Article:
On The Article 50 Ruling

royal-courts-of-justice

Everybody calm down

So as was always a possibility, the High Court has ruled that the government does not have the authority to initiate Britain’s secession from the EU by invoking Article 50 of the Lisbon Treaty without first winning a vote in Parliament.

From the Guardian:

Parliament alone has the power to trigger Brexit by notifying Brussels of the UK’s intention to leave the European Union, the high court has ruled.

The judgment (pdf), delivered by the lord chief justice, Lord Thomas of Cwmgiedd, is likely to slow the pace of Britain’s departure from the EU and is a huge setback for Theresa May, who had insisted the government alone would decide when to trigger the process.

The lord chief justice said that “the most fundamental rule of the UK constitution is that parliament is sovereign”.

A government spokesman said ministers would appeal to the supreme court against the decision. The hearing will take place on 7-8 December.

The lord chief justice said: “The court does not accept the argument put forward by the government. There is nothing in the 1972 European Communities Act to support it. In the judgment of the court, the argument is contrary both to the language used by parliament in the 1972 act, and to the fundamental principles of the sovereignty of parliament and the absence of any entitlement on the part of the crown to change domestic law by the exercise of its prerogative powers.”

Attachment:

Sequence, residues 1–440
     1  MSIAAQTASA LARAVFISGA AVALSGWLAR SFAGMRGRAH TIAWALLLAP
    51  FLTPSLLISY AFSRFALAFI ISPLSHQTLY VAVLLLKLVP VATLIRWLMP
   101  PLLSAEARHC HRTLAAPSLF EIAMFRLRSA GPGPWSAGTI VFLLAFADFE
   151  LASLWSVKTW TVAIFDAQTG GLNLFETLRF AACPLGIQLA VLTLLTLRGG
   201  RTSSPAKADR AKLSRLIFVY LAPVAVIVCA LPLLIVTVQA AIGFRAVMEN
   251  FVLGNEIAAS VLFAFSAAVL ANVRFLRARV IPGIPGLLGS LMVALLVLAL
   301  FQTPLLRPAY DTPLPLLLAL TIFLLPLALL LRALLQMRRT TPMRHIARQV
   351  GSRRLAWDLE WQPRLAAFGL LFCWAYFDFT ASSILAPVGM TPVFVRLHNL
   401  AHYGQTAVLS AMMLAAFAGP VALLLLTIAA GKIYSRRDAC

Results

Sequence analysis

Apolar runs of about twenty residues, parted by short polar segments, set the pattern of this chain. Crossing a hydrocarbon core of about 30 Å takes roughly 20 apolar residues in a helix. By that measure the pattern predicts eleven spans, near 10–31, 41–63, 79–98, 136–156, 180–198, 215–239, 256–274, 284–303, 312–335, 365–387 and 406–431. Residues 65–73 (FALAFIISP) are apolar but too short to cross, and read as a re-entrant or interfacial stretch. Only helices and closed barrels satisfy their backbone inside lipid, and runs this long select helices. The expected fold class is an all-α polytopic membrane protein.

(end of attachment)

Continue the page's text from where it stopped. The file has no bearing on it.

Unless overturned on appeal at the supreme court, the ruling threatens to plunge the government’s plans for Brexit into disarray as the process will have to be subject to full parliamentary control.

Starry-eyed, anti-democratic campaign group New Europeans are naturally delighted by this development, which they see as the first step toward overturning/ignoring the EU referendum result and ploughing on as though their hateful and spurned vision of a federal continental union had not just been summarily rejected at the ballot box.